This was in 1973 and I was 19.
So that summer I talked with patients all day long, day in and day out. After I grew up I worked a corporate hospital company in Texas and also an academically based, inner city hospital in Dayton. That's where I really learned what makes these incredible institutions tick. For one report I tagged the Director of Nurses (the DON) on the night shift. We walked down dimmed hallways with a flashlight, checking monitors, answering pages, whispering. I tagged a slightly manic, Napoleon sized ER doc who worked miracles one night extricating an object lodged in a child's trachea. I can still see the X-ray and feel that stop-time moment between life and death. Since then I've written about some of these events, lost both of my parents to cancer, was diagnosed with cancer myself, then walked the same hallways with my husband when he was treated for cancer in 2002 and 2004.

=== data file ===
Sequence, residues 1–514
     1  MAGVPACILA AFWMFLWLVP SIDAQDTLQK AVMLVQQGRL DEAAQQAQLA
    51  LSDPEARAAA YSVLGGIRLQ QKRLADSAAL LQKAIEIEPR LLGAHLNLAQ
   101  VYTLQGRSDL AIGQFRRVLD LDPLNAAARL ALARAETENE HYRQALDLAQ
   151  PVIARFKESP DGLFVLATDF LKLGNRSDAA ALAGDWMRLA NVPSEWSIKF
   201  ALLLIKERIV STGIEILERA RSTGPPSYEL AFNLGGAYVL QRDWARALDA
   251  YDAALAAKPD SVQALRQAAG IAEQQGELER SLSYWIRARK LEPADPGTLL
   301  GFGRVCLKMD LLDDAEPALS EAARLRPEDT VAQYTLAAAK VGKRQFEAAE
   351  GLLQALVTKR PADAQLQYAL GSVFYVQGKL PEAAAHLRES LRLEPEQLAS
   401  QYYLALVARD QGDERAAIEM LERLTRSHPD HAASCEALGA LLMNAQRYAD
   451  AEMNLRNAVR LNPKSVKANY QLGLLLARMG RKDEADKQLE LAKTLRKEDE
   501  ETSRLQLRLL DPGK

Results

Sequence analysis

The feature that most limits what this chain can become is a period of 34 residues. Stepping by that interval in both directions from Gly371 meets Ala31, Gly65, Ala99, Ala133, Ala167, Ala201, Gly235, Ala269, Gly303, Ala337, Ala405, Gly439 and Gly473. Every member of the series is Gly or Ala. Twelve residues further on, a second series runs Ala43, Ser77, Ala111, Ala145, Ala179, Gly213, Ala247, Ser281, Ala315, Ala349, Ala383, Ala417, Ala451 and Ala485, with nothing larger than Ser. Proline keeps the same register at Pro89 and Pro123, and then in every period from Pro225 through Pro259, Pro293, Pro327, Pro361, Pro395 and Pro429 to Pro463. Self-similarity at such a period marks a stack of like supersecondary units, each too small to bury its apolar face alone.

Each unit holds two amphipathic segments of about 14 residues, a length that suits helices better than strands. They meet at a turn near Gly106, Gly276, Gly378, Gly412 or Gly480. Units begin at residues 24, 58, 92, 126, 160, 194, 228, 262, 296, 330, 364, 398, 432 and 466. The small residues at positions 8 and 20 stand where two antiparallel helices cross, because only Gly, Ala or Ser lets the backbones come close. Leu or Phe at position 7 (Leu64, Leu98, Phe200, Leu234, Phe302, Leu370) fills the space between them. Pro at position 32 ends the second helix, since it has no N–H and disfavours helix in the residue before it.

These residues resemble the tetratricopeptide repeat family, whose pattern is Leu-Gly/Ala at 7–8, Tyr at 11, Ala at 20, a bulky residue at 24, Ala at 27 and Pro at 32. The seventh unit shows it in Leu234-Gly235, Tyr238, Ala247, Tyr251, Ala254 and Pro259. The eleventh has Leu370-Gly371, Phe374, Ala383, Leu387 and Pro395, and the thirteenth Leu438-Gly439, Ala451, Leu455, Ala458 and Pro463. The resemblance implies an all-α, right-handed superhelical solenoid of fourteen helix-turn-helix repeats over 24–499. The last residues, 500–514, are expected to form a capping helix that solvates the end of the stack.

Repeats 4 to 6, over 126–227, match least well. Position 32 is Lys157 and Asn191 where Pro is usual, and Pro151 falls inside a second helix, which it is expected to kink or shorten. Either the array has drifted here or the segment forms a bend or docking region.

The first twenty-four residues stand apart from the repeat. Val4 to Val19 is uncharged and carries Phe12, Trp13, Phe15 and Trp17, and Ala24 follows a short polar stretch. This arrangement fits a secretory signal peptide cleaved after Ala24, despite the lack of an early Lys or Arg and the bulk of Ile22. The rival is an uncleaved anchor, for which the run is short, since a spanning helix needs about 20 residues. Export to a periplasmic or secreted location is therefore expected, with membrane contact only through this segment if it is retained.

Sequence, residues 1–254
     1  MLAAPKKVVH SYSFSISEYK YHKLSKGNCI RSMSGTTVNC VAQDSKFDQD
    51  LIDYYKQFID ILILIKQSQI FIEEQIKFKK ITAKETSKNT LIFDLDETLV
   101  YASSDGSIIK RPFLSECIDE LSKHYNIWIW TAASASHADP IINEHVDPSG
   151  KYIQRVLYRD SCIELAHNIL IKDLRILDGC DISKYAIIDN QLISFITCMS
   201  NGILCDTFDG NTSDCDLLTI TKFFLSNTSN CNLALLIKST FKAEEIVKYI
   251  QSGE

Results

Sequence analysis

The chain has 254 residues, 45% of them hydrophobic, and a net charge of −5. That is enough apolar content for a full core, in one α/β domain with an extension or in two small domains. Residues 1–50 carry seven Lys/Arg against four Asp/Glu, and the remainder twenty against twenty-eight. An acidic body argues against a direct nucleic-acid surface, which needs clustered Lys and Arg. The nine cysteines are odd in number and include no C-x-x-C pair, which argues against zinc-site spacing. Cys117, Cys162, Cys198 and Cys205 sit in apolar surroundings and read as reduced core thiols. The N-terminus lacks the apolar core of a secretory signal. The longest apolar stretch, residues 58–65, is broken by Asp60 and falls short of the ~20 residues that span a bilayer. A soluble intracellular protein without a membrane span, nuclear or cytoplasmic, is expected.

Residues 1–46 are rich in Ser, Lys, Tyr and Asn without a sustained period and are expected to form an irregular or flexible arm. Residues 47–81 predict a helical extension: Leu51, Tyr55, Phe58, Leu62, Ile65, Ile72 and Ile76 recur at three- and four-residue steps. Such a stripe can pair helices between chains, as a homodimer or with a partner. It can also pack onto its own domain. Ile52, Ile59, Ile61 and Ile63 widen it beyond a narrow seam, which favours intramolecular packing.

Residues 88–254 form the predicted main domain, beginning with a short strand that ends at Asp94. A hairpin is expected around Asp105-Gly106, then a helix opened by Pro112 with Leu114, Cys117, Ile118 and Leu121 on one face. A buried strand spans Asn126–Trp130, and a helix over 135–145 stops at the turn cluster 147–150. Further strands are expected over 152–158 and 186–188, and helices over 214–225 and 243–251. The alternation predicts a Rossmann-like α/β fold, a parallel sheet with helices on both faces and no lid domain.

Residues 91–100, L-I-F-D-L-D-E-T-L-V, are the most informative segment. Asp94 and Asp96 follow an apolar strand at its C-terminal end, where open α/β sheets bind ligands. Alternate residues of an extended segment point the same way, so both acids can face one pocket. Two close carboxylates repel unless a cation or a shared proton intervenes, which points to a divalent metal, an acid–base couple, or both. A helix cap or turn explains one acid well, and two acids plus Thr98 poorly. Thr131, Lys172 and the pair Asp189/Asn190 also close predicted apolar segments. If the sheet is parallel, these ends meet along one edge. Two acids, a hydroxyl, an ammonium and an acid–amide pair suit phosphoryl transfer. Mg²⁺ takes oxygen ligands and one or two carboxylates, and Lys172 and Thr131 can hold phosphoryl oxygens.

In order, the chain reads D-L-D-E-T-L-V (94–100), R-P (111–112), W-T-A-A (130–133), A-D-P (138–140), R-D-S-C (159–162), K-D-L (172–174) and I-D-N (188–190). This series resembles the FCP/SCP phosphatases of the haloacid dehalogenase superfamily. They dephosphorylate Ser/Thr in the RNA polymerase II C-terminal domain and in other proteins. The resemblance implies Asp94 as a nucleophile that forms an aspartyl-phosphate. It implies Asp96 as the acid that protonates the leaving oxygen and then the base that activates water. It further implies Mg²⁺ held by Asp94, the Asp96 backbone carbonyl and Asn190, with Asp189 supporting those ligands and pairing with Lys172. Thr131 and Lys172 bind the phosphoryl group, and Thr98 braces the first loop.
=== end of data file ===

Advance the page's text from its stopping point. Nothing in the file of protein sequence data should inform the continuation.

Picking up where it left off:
And all these years later I am still talking about health education and advocacy. Same things, different time, different vocabulary, different technology. How different it all is and how familiar it feels.
Next week I'll speak on a panel on "patient empowerment" at a rally sponsored by Cancer Centers of America in Chicago. You need to know more now to successfully navigate the health care system. How do you shake off the fear following a cancer diagnosis and take control of the issues and decisions? We'll talk about that.
What have you learned from your experience as a cancer survivor that you'd like to pass on? Please let me know, there are women out there who need to hear from you.
What are the five things you wish you'd known about cancer treatment when you were diagnosed? Talk to me:)
Have yourselves an awesome weekend,
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About the event:Treatment Environment, Health Literacy May Improve Cancer Outcomes